The standoff between federal agents and armed supporters of a Nevada rancher was a coordinated effort by far-right militia members, according to a new report by the Southern Poverty Law Center.
“The Bundy ranch standoff wasn’t a spontaneous response to Cliven Bundy’s predicament, but rather a well-organized, military-type action that reflects the potential for violence from a much larger and more dangerous movement,” said Mark Potok, senior fellow in the SPLC’s Intelligence Project.
The report, which was issued Thursday, found a Montana militia leader helped orchestrate the placement of snipers who trained rifles at federal agents attempting to round up Bundy’s cattle over unpaid grazing fees.
The snipers’ actions constituted a felony, the SLPC report argued, but federal authorities backed down.
According to the report, 30-year-old Ryan Payne, an electrician and former soldier, admitted to SPLC investigators that he and Bundy scouted public lands the rancher had been using to discover strategies to defend them, and they eventually placed snipers in position before the standoff came to a head.
“Not only did they take up the very best position to overwatch everything, they also had the high ground — they were fortified with concrete and pavement barriers,” Payne said. “They had great lines of fire and then, when I sent in that other team, for counter-sniper positions, [federal agents] were completely locked down. They had no choice but to retreat.”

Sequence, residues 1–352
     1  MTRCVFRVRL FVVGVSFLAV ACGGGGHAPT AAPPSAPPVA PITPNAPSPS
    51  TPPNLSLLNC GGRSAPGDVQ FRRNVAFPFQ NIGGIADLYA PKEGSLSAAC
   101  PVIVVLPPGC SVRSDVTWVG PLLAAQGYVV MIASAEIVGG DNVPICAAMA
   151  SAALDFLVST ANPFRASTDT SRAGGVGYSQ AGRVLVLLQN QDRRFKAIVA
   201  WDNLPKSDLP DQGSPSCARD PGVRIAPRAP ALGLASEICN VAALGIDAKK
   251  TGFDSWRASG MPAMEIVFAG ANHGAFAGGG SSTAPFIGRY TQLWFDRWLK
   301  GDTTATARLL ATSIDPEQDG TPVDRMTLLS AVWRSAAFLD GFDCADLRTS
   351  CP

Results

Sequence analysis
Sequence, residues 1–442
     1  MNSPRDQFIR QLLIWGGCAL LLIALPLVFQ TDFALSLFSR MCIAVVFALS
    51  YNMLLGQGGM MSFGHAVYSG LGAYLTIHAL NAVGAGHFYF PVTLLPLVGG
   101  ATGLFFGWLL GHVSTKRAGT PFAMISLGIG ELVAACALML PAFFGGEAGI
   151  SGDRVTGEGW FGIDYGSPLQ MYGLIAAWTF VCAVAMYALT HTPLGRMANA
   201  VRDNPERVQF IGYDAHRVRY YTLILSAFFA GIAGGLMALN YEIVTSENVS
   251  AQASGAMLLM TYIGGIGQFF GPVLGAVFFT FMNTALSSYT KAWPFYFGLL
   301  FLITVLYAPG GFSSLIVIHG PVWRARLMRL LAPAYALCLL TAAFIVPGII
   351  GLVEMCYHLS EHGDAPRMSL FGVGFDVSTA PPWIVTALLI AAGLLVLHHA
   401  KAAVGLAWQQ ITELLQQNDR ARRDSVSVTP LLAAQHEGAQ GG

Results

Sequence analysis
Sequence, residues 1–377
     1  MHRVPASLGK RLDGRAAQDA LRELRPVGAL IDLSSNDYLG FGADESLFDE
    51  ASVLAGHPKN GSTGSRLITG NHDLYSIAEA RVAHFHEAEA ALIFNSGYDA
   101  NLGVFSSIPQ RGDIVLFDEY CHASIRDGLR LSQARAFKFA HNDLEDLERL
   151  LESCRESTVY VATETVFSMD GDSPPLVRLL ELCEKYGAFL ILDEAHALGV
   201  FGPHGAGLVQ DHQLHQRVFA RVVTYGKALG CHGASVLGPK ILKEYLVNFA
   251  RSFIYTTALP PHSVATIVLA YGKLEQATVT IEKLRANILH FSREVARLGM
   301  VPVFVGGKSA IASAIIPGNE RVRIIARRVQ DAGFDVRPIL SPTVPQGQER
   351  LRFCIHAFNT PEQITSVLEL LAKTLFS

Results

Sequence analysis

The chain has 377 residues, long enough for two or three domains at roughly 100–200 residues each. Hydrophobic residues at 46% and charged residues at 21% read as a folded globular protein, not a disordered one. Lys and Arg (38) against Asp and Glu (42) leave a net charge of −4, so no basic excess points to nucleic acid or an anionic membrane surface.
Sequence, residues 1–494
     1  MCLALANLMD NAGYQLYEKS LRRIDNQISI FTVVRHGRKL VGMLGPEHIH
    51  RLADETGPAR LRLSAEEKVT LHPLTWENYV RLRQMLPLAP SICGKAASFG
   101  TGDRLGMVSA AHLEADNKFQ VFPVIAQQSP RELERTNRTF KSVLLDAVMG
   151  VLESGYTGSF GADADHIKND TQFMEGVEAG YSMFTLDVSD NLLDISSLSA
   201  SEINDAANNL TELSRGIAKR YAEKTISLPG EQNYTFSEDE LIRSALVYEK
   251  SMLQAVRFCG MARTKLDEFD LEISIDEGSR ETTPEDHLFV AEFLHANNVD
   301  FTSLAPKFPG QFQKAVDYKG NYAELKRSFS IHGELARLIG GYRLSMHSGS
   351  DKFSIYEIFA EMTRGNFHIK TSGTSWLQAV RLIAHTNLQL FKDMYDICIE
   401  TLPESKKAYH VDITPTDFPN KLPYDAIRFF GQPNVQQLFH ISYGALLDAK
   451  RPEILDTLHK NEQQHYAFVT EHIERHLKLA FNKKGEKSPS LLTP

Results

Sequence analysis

Payne, who heads the Operation Mutual Aid group, boasted that militia members had “overwhelming tactical superiority.”
The incident highlights the need for better training of law enforcement officials to respond to a movement that increasingly targets them, the report says.
But that would require additional resources from the Department of Homeland Security, which allowed the unit investigating domestic terror threats to wither in the face of conservative criticism.
The SLPC report, “War in the West,” found the Bundy ranch standoff had energized militia groups and other factions in the anti-government “Patriot” movement.
“This incident may have faded from public view, but if our government doesn’t pay attention, we will be caught off guard as much as the Bureau of Land Management was that day,” Potok said.
The Patriot movement has experienced a growth surge since President Barack Obama was elected – growing from about 150 groups in 2008 to more than 1,000 last year.
The report also found 17 shooting incidents involving anti-government extremists and law enforcement officers since 2009.
The Bundy ranch incident remains under investigation, and some militia members and other sympathizers remain there, making contacts and sharing tactics.
Two of those sympathizers, Jerad and Amanda Miller – who spent time at the ranch before they were asked to leave – shot two police officers and another to death last month in Las Vegas before dying in a shootout with police.
Their social media history indicated they held a variety of fringe views that was informed by pro-gun, anti-government groups such as the Three Percenters.
The BLM has encountered other antigovernment activists since April’s Bundy standoff in New Mexico, Utah, Texas, and Idaho, the report found.
The SLPC report faulted lawmakers and conservative commentators, including Nevada’s Republican Gov. Brian Sandoval and Fox News pundit Sean Hannity, for encouraging anti-government extremists over the Bundy dispute.
“The Bundy ranch standoff may be a preview of things to come if the federal government doesn’t come to terms with the true nature of this volatile extremist movement,” Potok said. “Two decades after the deadly debacle at the Branch Davidian compound in Waco, Texas, federal officials continue to struggle with their approach to radical-right extremists who threaten and use violence to achieve their political goals.”
Watch this interview with Ryan Payne posted online by Southern Nevada Watchdogs: